When M. Beaucaire, a handsome barber, catches the Duke of Winterset cheating at gambling, Beaucaire exacts Winterset's cooperation in sneaking Beaucaire into a great ball, disguised as the ... See full summary »
The full title of the play was "Amos Judd; a Play in a Prologue and Four Acts," by Alethea Luce. It was copyrighted on 26 July 1919, but had no Broadway productions. See more »
I thought there was another young man you liked better than Horace.
Daddy, I couldn't marry a man that was not of my own people, no matter how much I-I loved him.
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Except for Rudolph Valentino, whose name appears above the title, actors and their character names are credited only in the intertitles right before they appear on-screen and are listed in the same order in the IMDb cast. All other actors are marked uncredited. See more »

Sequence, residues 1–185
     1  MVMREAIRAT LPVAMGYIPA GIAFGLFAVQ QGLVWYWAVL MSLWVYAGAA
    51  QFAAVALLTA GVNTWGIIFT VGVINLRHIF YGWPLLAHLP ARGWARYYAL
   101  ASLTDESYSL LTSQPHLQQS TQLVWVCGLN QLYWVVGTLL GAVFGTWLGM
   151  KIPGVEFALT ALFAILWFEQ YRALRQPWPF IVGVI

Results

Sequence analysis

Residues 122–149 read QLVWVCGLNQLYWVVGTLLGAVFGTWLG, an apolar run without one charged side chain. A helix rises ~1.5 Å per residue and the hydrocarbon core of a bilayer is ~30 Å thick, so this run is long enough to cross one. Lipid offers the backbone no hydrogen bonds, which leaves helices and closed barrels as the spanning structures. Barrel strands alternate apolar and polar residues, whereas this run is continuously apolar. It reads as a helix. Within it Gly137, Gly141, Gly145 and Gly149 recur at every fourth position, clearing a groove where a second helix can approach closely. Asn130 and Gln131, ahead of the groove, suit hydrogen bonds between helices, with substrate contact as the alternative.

I caught this picture on TCM's Silent Sundays an May, 2006. The last forty minutes of a nitrate print were discovered and using stills and trailers, Paramount did a very commendable job giving the viewer the as much of the full experience as they could. Valentino gives an excellent performance and looks enough like an Indian in his turban to pass for their prince. The climax occur rather quickly but how the picture concludes is definitely on the clever side. But what is most interesting about this picture in the incorporation of prejudice and equality into the romance between Valentino's and Hawley's characters. Being only 18, prejudice and equality are different to me than they are to my parents, but I couldn't help but be amazed at how the film tackled the issue and rapped it up in an engrossing, almost epic motion picture experience.
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